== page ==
Fraud and Lies, phone calls from Conmen and women.

The phone rings. Always the wrong time, always the disrupter of my reading, my serenity. It’s another conman wanting me to call him. “You are in trouble,” he murmurs, “You must call this number because the IRS has found you guilty of…Here he fills in the words he wants. Tax fraud, tax evasion, he wants me to know that I am guilty. He threatens me with court actions; having to appear before a grand jury, being arrested, embarrassing my family. He’s a fraud, living off the fears of men and woman who don’t have my knowledge of these things.

I am not a victim. I note the phone number and wonder who I could call to report them to. A phone crime isn’t a mail crime. Nothing passes through the mail that could be considered fraudulent. The conman is careful. I bring up the IRS website on my computer and notice that the con is one of the top violations, called in fact the Dirty Dozen. The conman isn’t careful enough. A google search reveals that over 5,000 people have been bilked out of over $26,000,000 dollars. I gag at the amount. Seniors who worry, those without knowledge that the IRS never calls to collect money, even people who might have something to hide, they are all targets. Why am I a target? Did they buy my phone number or is it just a random dialer. The more I read, the angrier I get.

There is a fraud line for the IRS. or call 1-800-829-1040. It was easy to find on google.  Apparently the conmen also tell you that you might have won the lottery and will owe taxes before they can allow you to be awarded the money. They want to you wire them money. They say that it must be sent to Lloyd’s of London for security reason. The fake debt call from the IRS could also be said to be from the local sheriff’s office, the FTC, or any government branch. Anyone who demands or asks for you to wire money for any purpose should be treated skeptically. Anyone who offers you a scholarship you didn’t apply for, be wary. It’s a con. Anyone who wants you to pay for information about Federal Jobs is a con, as well. That information is free.

So, I reported the phone number to the IRS. They happen to be functioning under a little known organization called The Treasury Department. The Treasury Department has a small group that it coordinates with called the FBI. The FBI is responsible for over 200 different types of crime. I used the handy form on the IRS site for reporting fraud. It was easy, reassured me that I didn’t have to fill in all of the blanks, gave me a case number in case I’m contacted again, and promised that if I did owe money, I could talk to their counselors to find a resolution. Nice polite people at the IRS, much nicer than the student loan groups Sallie Mae or Navient who will don’t work with you and just order you around.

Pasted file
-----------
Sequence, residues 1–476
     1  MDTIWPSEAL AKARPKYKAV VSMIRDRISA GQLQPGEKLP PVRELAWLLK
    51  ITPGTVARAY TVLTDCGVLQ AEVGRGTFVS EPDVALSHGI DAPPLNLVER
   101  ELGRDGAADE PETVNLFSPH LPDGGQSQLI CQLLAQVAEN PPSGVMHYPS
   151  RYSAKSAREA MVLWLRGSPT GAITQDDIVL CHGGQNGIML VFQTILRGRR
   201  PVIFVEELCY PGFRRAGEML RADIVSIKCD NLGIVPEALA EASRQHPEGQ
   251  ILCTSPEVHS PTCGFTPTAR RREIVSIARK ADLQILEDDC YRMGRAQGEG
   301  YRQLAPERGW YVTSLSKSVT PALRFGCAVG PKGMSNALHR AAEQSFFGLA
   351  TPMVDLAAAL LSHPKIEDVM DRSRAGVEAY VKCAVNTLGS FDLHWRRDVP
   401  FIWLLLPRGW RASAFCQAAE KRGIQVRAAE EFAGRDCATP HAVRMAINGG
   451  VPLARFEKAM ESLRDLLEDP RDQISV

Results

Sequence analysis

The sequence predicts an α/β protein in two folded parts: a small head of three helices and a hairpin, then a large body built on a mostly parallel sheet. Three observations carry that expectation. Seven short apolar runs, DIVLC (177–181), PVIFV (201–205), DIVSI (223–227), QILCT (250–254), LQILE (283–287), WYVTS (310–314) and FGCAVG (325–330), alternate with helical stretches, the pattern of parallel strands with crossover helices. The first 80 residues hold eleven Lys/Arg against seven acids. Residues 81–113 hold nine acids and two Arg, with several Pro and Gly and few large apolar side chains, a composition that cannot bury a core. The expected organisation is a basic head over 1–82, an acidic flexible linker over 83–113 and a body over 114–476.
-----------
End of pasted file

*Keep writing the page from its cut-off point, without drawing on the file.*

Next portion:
I don’t owe the IRS anything. I pay my taxes, and I do it on time.

What do they suggest I do? Report the incident. Write down the time and date. Write what department are they calling from. Write all of the details they give you. Keep track of the numbers they give you. NEVER GIVE OUT ANY PERSONAL INFORMATION. These folks are pros. They’ll use any information on you to steal your identity. Don’t be a victim. Check on elderly family to make sure they understand what is happening and that this is a con. Tell your friends. IF you start it as a joke, “Guess who called me at home, and boy is this a scam” it will get the word out. Even as I typed this, my father-in-law received a call too.

Get on the Federal Do Not Call List. Stay safe and pass the word.

Tax Night

I vacuumed through the small dog fronds of fur, compiled it with cat, augmenting it with the dirt of living in a house for 24 years. I moved furniture like the powerful Katrinka from the fjords that I used to be. The room is half together when I call a break for a MacDonald’s Quarter Pounder with Cheese. I glance about, furious with the amount of work that needs doing. My eyes fall on the mess in one corner.

The tax forms were escaping from a bundle of useless paper, formal documents of every moment of our spending, and pictures from here and there around the world that I still have to edit or delete into a basket that was wider than long. The laptop lay open waiting to tease me into confronting my fear that we would owe, that the government thought us richer than we are.

I let the TV ramble on its own, deciding not to listen to the story but to use it as white noise. As the last number snaps into place and the tax forms grab my credit card and checking account numbers to abscond with them, I find myself being annoyed at the fluff that is chasing itself across the screens.

Trivial is the first thought and then I hear the shot ring out. No, not from the screen, but from memory, a shocking vision of what life was like for me growing up just this side of 31st Avenue. A pregnancy, a terminal illness, a shotgun wound, an abortion, a loss, a hammer through the skull of a child, a foundling, and old men playing with forms of drink, cards and knives, these things were just on the other side of the neighborhood my parents found for us to live. We were on the good side of the street, hell was on the other side.